The Washington Post

Congressional’s 11th hole can make or break golfers in the Quicken Loans National

Eleven has a fan club, a group of people that sit around the ropes by the green and wait for the hole’s victims. There goes another shot in the bunker. Someone hit it into the creek again. That guy misjudged the putt by inches.

And then there was Gary Woodland’s birdie, and the seated gallery nearly gave him a standing ovation. “That was amazing,” one man said to his friend.

“It’s like stealing one,” Woodland said.

Congressional’s No. 11 is the toughest hole of the course. The 489-yard par-4 ranked fourth in difficulty on the PGA Tour last year, and it was the hardest in a non-major tournament.

It’s been the bane of the Quicken Loans National field’s existence. A narrow creek runs along the right side of the sloping fairway, widening into a murky pool around the right of the green. There are two bunkers to the left of the green.

If you miss the fairway off the tee, a bogey is inevitable. The second shot could go in the creek to the right, or it could go to one of the bunkers, or it could land on the hilly green and you’ll have at least two putts from there. Out of 412 rounds last year, there were only 27 birdies on 11.

Playing it perfectly means two good shots to get to the front edge of the green to the right of the hole, then putting uphill for a par. The hole is a par-5 for club members, but switches to a par-4 for tournaments, making it even more challenging.

“That hole has everything that you can have on a hole to make it tough,” Stewart Cink said. “The green’s a par-5 green, and we’re hitting quite a longer shot in there as a par-4.”

In the lead at seven-under-par when he got to 11, Freddie Jacobson dropped his club when he put his second shot in the creek. He wasn’t in the lead when he left 11, making a double bogey. Charley Hoffman dropped an expletive and slammed his club into the ground after he missed a short birdie putt and settled for par.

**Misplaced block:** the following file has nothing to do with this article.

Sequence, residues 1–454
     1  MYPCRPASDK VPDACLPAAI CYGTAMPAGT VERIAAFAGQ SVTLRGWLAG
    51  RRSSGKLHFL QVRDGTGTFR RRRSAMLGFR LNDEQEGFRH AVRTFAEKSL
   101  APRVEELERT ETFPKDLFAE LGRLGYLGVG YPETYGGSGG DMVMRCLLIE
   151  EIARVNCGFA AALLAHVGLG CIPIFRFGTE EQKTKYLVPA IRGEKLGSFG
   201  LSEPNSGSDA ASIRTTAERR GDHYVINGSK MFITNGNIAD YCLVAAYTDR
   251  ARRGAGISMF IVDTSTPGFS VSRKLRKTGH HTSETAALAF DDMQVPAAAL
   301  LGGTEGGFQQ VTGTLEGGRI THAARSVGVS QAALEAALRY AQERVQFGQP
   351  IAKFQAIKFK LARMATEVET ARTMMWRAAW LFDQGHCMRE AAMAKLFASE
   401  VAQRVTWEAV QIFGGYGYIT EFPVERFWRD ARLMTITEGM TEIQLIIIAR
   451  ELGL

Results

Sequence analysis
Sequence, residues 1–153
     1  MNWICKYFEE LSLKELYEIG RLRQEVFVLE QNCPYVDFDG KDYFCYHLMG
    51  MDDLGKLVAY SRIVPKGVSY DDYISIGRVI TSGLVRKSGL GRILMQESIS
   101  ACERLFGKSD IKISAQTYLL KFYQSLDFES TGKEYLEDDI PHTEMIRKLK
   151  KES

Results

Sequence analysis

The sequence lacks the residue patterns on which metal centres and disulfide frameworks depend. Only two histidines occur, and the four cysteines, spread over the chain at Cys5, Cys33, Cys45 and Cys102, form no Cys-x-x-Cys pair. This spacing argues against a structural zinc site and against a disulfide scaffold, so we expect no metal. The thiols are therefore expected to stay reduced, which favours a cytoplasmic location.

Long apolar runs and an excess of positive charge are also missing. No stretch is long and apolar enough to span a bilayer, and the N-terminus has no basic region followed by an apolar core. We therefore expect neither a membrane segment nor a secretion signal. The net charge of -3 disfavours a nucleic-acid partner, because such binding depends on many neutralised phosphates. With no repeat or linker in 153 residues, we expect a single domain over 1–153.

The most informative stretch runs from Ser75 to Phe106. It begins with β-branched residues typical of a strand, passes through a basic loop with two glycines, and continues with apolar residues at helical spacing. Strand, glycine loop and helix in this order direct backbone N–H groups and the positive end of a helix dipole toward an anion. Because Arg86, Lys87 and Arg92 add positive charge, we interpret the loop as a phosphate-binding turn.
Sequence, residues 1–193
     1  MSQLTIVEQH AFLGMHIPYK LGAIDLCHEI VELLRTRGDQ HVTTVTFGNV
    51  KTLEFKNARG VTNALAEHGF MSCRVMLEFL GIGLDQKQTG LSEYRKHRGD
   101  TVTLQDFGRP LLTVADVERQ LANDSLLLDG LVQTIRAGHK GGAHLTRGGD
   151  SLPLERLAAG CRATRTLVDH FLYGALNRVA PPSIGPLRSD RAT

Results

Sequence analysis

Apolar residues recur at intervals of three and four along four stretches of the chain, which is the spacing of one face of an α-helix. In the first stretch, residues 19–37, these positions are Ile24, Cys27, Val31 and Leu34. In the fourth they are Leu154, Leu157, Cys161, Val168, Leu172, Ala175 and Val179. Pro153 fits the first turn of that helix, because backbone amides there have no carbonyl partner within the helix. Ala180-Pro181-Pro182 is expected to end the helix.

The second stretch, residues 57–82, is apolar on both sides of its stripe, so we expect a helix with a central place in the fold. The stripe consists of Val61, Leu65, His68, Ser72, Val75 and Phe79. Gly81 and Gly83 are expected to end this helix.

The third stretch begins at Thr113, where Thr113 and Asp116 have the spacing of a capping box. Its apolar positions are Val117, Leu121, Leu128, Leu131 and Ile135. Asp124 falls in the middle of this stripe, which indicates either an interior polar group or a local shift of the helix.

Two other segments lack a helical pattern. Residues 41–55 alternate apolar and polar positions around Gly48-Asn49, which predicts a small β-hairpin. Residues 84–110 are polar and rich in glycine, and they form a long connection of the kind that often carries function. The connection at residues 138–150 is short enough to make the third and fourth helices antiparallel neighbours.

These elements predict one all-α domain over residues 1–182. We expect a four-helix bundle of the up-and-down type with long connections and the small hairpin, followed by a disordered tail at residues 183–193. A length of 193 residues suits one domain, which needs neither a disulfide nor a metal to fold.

Eleven sent Justin Rose toppling down the leader board after he missed the fairway, then landed in a bunker, then got to the fringe, and then two-putted it. He ended his round tied for fifth at three-under-par.

“I tried to advance the ball too far from being out of position,” Rose said. “I hit it into the bunker where you really couldn’t hit it from there, and then I’m making double bogey. My only frustration is not accepting that it’s a tough hole and maybe just playing for five.”

The hole location for Saturday’s third round was counterintuitive, breaking away from the water rather than toward it. After hitting his second shot into the creek, Hunter Mahan almost escaped with a bogey, but his 18-foot putt was inches off the mark.

“It’s one of the hardest holes on Tour,” Mahan said. “After Sunday, you’re glad you don’t have to play it for a year.”

Isabelle Khurshudyan covers the Washington Capitals. You can email her at and follow her on Twitter @ikhurshudyan.



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